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    • CommentAuthoraragszxki
    • CommentTimeDec 10th 2007
     (250.1)
    inspired by the "social networks: what are you on" thread, i started searching for a social networking site about books, something similar to last.fm (book.fm, anyone?). here's what i've tried so far:

    bookqube.com: looks very beta. flash tag cloud made firefox beg, explorer crash and me puke. still, i really wanted to like it so i think i'll go back to this one one day.

    shelfari.com: things work fine but there isn't much to do. friends & groups features are not really integrated with anything else, not much of a recommendation system.

    librarything.com: text-heavy interface, looks dead serious and sophisticated. however, it's not completely free. while the charge is at pocket-change level and only kicks in after adding 200 books, i still couldn't be bothered to sign up.

    and that's where i gave up and turned to whitechapel. what does whitechapel think?
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      CommentAuthorbadger
    • CommentTimeDec 10th 2007
     (250.2)
    i have a full account Library Thing, but forgot my password. Just contacted them about that.

    I wouldn't know which site to recommend though. I was fairly unsuccessful in figuring out a social network that would best suit for books.
  1.  (250.3)
    aragszxki, I haven't tried it yet myself, but someone recommended goodreads.com in a thread here last week.

    Thanks for posting your impressions, I'm interested in looking into this category of site also.
    • CommentAuthorrobb
    • CommentTimeDec 10th 2007
     (250.4)
    i like goodreads as a way to review book criticism before deciding to buy books. it feels like early days of amazon when the reviews were written by those people who really cared about their opinion and educating other readers. now the reviews, like netflix and itunes, feel useless and cluttered. maybe it's a change in grammar? maybe it's a shift in people getting used to writing about everything online. there's something a bit more quality and honest about the early goodread adopters' reviews. i can't place it. hopefully it stays that way. better than 'it r00lz!'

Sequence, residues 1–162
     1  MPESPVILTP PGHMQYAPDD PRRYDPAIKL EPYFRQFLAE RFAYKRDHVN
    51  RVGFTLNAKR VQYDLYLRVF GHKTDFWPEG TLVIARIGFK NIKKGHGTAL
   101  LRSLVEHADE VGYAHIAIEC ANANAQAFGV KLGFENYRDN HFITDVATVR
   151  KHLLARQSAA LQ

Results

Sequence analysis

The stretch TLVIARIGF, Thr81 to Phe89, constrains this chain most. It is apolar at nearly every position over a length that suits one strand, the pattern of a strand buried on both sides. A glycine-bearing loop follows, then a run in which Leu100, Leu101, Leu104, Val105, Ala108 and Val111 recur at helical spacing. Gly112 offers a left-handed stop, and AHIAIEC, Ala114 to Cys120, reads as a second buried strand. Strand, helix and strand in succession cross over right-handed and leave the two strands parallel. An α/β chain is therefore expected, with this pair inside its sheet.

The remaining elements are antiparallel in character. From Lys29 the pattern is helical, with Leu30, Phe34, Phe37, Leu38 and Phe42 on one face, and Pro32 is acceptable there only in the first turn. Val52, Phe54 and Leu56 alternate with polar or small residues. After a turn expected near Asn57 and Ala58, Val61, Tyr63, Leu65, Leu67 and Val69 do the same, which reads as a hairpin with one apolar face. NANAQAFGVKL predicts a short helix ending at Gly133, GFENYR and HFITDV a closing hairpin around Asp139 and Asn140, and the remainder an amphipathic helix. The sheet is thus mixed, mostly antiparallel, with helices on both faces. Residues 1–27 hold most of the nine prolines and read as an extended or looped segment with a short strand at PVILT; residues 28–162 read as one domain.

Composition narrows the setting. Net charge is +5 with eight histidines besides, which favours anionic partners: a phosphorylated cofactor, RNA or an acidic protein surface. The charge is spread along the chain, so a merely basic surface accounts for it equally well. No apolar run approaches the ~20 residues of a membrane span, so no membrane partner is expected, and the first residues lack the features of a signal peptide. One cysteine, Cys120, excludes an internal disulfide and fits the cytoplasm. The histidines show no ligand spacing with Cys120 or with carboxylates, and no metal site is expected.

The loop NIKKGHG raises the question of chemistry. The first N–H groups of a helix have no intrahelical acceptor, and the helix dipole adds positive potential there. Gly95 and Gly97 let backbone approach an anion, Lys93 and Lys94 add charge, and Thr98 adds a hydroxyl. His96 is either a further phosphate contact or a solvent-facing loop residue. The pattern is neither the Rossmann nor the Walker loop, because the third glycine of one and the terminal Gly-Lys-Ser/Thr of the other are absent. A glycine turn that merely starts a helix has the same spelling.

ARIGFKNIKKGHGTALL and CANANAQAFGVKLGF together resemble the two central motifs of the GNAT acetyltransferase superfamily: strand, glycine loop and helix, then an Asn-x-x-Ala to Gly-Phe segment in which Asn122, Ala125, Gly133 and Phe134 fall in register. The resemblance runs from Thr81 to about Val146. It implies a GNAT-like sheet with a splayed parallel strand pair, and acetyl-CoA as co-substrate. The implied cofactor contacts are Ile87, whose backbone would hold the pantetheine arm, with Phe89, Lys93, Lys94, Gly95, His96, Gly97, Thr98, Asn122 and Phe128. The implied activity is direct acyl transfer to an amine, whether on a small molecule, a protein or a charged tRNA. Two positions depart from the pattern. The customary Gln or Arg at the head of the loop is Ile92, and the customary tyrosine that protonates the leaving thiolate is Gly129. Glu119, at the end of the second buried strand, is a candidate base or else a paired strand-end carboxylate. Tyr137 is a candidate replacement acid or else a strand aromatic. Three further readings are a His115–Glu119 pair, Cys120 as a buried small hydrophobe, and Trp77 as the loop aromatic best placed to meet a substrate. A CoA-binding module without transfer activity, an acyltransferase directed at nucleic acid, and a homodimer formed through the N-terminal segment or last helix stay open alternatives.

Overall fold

2.  (250.5)
    Caution about Shelfari: it tends to scrape all your contact addresses from your webmail and sends them all invites.

    http://www.planetmike.com/journal/2007/10/23/shelfaricom-spam/
    • CommentAuthoraragszxki
    • CommentTimeDec 10th 2007
     (250.6)
    i'll second that warning, shelfari has a very sneaky way of asking your email password at sign-up. even though common sense dictates that no one should ever mention their email passwords in polite company, we all have our naughty days. or two gremlins.

    see how i drifted off-topic there? that's how sneaky shelfari is. ha!
    •  
      CommentAuthoradamatsya
    • CommentTimeDec 17th 2007 edited
     (250.7)
    yeah thumbs up to goodreads. as well as getting recommendations from others' tastes, it's a nice way to keep track of your own reading, if that's your kind of thing (i've been keeping a list of books read for the last couple years and it's a nice thing to reflect upon in future times).

    They have nice somewhat customisable widgets for yer blog if you're that way inclined, too.

    if you're thinking of signing up, i'm here - we can be booknerd budz if you like.

    One problem I have is that lots of people add books to their lists without reviews - i'm much more interested in what people have to say about the book than simply knowing what they've read. It gets a little too acquisitive without the mediation of criticism (ooh! "it gets a little too acquisitive without the mediation of criticism!" la la la!), but then there's the other end of the stick where reviewers simply post their reviews from other sites on goodreads as well. a bit spammy...

    the other thing that's nice is if you're an author, they'll give you an author page as well -providing you have your books listed on their database. and you could sort that pretty easily by requesting library status (i got it just for the asking) and adding your own work.